One day in the summer of 2011, Christine Richard arrived at the forty-second floor of a high-rise on Fifty-seventh Street in Manhattan to visit a hedge fund called Pershing Square Capital Management. Richard worked for a boutique research firm that identified “short” opportunities—companies that investors could profitably bet against—and she was there to present an idea to Pershing Square’s founder, William Ackman. On the way over, though, she was caught in a rainstorm, and by the time a receptionist directed her to a conference room she realized that she was dripping wet.
A few minutes past the appointed time, Ackman rushed into the conference room, trailed by an assistant who was listing a series of meetings for that day. Ackman couldn’t stay, so he summoned one of his most trusted analysts, a twenty-eight-year-old red-headed Texan named Shane Dinneen, to sit down with Richard. She placed the rain-spattered report she had prepared on the conference-room table. On the cover was a three-leaf corporate logo. Underneath it was the word “Herbalife.”
Read the rest of this article at: The New Yorker
Will Democracy Survive Big Data and Artificial Intelligence?
“Enlightenment is man’s emergence from his self-imposed immaturity. Immaturity is the inability to use one’s understanding without guidance from another.”
—Immanuel Kant, “What is Enlightenment?” (1784)
The digital revolution is in full swing. How will it change our world? The amount of data we produce doubles every year. In other words: in 2016 we produced as much data as in the entire history of humankind through 2015. Every minute we produce hundreds of thousands of Google searches and Facebook posts. These contain information that reveals how we think and feel. Soon, the things around us, possibly even our clothing, also will be connected with the Internet. It is estimated that in 10 years’ time there will be 150 billion networked measuring sensors, 20 times more than people on Earth. Then, the amount of data will double every 12 hours. Many companies are already trying to turn this Big Data into Big Money.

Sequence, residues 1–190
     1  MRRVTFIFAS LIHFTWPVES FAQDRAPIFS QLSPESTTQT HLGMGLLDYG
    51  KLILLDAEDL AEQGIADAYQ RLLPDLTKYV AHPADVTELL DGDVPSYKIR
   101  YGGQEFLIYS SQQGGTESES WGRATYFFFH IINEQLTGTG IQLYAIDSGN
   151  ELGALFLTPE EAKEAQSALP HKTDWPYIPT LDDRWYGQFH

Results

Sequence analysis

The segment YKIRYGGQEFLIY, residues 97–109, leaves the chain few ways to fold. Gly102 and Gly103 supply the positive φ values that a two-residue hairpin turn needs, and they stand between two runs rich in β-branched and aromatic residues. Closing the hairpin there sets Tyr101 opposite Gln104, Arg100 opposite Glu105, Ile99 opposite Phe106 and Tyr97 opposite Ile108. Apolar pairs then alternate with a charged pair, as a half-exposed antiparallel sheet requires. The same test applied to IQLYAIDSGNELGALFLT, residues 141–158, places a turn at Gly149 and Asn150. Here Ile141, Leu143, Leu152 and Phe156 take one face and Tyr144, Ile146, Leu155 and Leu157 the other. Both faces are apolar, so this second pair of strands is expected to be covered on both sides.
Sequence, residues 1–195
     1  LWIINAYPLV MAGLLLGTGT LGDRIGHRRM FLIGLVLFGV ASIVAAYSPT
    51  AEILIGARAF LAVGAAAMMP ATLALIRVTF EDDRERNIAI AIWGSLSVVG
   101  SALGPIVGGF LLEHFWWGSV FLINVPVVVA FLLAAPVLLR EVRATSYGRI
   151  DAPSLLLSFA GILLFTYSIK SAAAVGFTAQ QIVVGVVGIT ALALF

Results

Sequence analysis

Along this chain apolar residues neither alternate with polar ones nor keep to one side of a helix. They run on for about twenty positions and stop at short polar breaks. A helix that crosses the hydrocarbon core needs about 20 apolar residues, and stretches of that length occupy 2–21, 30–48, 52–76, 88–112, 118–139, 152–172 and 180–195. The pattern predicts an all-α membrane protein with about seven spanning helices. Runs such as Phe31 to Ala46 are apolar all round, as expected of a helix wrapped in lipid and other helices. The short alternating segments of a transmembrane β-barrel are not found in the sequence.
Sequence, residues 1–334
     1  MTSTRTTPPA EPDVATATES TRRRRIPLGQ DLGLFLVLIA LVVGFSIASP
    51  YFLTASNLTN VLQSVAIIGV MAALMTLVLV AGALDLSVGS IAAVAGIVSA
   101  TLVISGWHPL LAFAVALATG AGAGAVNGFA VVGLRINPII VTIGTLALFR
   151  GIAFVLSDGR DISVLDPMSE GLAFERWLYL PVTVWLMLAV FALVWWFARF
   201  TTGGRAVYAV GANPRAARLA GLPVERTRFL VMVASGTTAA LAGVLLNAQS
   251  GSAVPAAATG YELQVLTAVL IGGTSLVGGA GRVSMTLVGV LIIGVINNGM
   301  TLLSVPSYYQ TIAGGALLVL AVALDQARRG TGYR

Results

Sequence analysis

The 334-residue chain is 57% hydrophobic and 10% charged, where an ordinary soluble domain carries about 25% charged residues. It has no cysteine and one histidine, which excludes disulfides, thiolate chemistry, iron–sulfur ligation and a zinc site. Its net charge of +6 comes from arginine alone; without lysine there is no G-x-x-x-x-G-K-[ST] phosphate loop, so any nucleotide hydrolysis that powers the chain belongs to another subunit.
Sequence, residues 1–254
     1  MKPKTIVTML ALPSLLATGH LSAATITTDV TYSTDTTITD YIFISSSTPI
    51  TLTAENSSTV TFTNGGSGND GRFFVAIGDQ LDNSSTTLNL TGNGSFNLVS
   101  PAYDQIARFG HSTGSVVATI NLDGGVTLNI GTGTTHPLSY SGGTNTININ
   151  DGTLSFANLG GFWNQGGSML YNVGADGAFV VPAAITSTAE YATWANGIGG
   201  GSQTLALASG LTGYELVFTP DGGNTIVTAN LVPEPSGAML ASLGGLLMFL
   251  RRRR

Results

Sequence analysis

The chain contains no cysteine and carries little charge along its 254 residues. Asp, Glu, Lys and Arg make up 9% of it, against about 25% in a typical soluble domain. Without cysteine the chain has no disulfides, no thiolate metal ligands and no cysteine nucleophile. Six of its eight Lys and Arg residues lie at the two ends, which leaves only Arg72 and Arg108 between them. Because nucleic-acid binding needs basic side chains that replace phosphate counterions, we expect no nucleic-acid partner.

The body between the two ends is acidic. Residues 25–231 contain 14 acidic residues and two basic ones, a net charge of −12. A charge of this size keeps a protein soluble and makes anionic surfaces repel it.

Everything will become intelligent; soon we will not only have smart phones, but also smart homes, smart factories and smart cities. Should we also expect these developments to result in smart nations and a smarter planet?
Read the rest of this article at: Scientific American
At 16, Martin Winiecki dropped out of school and left his home in the German city of Dresden to live full-time at Tamera, a 300-acre intentional community in the rolling hills of southwestern Portugal. His mother and father – a doctor and a professor of mathematics – were reluctant to let him go. ‘It was quite a shock for them,’ Winiecki remembers. Born in 1990, just a few months after the collapse of the Berlin wall, Winiecki came of age in a society in limbo. The atmosphere of the former GDR still clung to people. ‘It was a culture that was so formal. So obligation-oriented. That had no heart. No love,’ Winiecki explained. At the same time, in Winiecki’s eyes, the capitalist alternative was creating a ‘system of deep economic injustice – of winners and losers’. Neither story encompassed a humanity he wanted part of. Tamera offered an alternative.
Founded by the psychoanalyst and sociologist Dieter Duhm in Germany in 1978 and re-founded in Portugal in 1995, Tamera aspired to dissolve the trauma of human relationships. Duhm, heavily influenced by Marxism and psychoanalysis, came to see material emancipation and interpersonal transformation as part of the same project. Duhm had been deeply disillusioned by communes where he’d spent time in the 1960s and ’70s, and which seemed to reproduce many of the same tyrannies that people were trying to escape: egoism, power struggles, envy, mistrust and fear, while practices of sexual freedom often engendered jealousy and pain. In Duhm’s eyes, communes had failed to create a viable model for a new society. In Tamera, he hoped to begin a social experiment that allowed for deep interpersonal healing.